The visit took place after Norway recently provided NOK 15 million in financial support to a UNICEF project protecting some of the most vulnerable children in Afghanistan: Unaccompanied minors deported from neighboring Iran.
The number of unaccompanied minors being deported from Iran has reached up to 300 on average a month in 2016 and UNICEF together with its partner WarChildUK is working with Afghan authorities to provide counselling and support for their reintegration home. The services start at the Islam Qala border point, where the deported minors are screened and taken to accommodation facilities at the Ansar Transit Center in Herat City. Social workers then provide them with psychosocial support and family reunification services.The center also conducts post re-unification tracking and monitoring.
After being received by the Director of the Department of Refugees and Repatriation, Mr. Jawid Nadem, the Ambassador met with the young boys staying at the center. Telling his story, one boy explained that like so many others, he had heard about work opportunities in Iran. With little prospects for work in his home of Kunduz he decided to try his luck. He paid smugglers, further indebting his family to take him on the journey across the border. This boy did not get far. He said he was caught by Iranian authorities a few days later, searched for money, beaten and detained for days before being deported – his last personal belongings confiscated.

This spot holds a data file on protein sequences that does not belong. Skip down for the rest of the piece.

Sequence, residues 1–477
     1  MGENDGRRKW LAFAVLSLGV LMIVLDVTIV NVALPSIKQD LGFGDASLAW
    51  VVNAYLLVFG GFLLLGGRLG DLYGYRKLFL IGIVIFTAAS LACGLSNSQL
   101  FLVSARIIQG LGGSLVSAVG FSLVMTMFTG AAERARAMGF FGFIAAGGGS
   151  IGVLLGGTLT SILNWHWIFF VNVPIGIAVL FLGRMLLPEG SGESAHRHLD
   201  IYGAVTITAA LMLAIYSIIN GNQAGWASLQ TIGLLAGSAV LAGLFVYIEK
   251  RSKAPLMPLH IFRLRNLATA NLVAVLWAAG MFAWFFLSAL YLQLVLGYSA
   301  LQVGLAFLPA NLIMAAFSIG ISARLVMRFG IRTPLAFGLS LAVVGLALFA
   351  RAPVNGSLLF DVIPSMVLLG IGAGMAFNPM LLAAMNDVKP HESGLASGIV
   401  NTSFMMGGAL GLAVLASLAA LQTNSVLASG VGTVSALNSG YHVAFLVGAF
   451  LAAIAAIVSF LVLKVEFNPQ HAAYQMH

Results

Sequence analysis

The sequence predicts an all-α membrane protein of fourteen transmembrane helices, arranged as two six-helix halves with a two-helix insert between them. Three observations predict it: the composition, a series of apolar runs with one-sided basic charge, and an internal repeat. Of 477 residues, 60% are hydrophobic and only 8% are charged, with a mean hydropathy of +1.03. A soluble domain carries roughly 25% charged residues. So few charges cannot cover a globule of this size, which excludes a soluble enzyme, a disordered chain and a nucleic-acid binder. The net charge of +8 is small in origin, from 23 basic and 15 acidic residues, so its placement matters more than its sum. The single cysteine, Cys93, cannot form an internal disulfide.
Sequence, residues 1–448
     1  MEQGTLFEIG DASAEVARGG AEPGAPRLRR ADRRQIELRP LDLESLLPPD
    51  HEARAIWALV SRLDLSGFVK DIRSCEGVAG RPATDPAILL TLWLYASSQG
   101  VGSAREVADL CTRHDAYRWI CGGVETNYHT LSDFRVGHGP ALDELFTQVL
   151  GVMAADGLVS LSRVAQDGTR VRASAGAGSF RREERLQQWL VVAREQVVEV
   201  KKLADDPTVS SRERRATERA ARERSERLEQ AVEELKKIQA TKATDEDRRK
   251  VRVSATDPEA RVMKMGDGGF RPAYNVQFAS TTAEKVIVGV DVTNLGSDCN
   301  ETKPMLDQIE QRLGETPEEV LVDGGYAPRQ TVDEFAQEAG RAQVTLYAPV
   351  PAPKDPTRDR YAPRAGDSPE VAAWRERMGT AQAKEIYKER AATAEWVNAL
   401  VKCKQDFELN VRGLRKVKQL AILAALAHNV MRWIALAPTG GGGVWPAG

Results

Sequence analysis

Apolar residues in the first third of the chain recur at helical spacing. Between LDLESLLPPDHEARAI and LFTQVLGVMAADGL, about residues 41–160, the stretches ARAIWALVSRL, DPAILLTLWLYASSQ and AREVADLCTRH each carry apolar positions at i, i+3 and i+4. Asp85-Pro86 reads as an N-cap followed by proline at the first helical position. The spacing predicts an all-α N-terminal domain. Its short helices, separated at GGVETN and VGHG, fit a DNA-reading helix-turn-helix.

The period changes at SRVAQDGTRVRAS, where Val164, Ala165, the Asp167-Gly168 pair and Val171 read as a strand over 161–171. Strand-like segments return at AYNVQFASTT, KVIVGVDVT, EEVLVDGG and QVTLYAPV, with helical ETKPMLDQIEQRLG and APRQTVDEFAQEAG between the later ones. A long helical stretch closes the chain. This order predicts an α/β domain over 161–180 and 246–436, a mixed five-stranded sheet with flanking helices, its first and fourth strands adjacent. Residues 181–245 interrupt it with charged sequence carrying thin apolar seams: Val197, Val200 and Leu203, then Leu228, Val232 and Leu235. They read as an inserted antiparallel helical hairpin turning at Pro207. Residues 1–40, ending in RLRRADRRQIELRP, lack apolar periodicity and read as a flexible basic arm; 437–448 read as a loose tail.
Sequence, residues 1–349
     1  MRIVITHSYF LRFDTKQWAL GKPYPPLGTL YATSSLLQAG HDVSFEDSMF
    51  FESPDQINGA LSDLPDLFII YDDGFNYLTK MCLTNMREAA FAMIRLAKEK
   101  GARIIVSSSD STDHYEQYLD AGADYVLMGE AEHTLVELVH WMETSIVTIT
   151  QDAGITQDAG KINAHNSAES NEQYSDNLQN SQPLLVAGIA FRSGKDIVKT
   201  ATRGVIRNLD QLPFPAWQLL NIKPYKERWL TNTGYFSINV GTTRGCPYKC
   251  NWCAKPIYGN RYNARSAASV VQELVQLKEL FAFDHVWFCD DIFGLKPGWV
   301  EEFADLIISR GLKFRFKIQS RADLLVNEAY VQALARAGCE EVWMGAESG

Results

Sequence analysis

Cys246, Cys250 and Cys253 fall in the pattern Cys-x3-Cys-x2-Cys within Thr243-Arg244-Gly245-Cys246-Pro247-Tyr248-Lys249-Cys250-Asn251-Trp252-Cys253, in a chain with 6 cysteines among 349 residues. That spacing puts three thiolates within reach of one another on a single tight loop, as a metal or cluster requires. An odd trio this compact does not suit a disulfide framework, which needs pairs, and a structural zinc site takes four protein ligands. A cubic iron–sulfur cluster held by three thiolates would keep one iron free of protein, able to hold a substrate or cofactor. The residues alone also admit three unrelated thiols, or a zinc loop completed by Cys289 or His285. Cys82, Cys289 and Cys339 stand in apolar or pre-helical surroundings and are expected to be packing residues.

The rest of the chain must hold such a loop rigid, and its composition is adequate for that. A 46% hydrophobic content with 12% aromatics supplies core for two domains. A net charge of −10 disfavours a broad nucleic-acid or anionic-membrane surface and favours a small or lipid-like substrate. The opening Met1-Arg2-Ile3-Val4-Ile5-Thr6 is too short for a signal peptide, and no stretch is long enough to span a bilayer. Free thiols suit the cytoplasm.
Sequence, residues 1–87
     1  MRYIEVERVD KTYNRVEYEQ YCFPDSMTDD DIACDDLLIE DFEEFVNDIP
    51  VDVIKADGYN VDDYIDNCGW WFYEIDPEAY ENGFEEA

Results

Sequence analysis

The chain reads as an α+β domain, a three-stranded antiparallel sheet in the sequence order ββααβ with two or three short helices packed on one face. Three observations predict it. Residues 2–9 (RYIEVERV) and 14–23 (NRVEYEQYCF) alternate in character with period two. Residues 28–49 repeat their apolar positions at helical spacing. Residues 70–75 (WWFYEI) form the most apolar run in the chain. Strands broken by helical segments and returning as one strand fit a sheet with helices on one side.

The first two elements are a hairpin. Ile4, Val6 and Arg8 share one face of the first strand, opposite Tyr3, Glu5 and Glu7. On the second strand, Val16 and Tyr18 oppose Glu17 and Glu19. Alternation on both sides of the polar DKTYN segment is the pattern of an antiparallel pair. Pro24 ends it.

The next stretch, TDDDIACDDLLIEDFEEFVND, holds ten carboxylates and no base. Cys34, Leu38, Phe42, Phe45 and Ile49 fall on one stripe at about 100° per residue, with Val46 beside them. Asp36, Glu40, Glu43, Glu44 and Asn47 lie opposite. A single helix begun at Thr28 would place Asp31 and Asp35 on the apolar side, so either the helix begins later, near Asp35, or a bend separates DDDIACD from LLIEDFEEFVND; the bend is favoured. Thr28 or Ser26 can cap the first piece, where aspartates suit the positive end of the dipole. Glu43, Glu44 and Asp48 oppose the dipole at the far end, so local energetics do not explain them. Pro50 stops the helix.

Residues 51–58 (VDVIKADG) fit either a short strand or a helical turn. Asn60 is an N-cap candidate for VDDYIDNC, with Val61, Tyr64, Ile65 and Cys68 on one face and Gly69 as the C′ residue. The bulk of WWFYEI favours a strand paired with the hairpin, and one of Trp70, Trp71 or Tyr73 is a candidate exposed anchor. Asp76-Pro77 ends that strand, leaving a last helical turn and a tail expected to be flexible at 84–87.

“I hear similar stories every day,” says one social worker at the centre. “Children often work in hazardous construction sites or in agriculture for many months and then when their wages are due, the police are called and the child deported. They suffer abuse at the hands of their employers and the authorities” she continued.
With support from Norway, UNICEF and partners are also working on developing a campaign to pass messages to communities about the dangers of illegal migration, especially focused on young boys. Without their family, migrating children are highly vulnerable to abuse, exploitation and trafficking, and the best way to protect them is to prevent families from sending their children on hazardous journeys in the first place.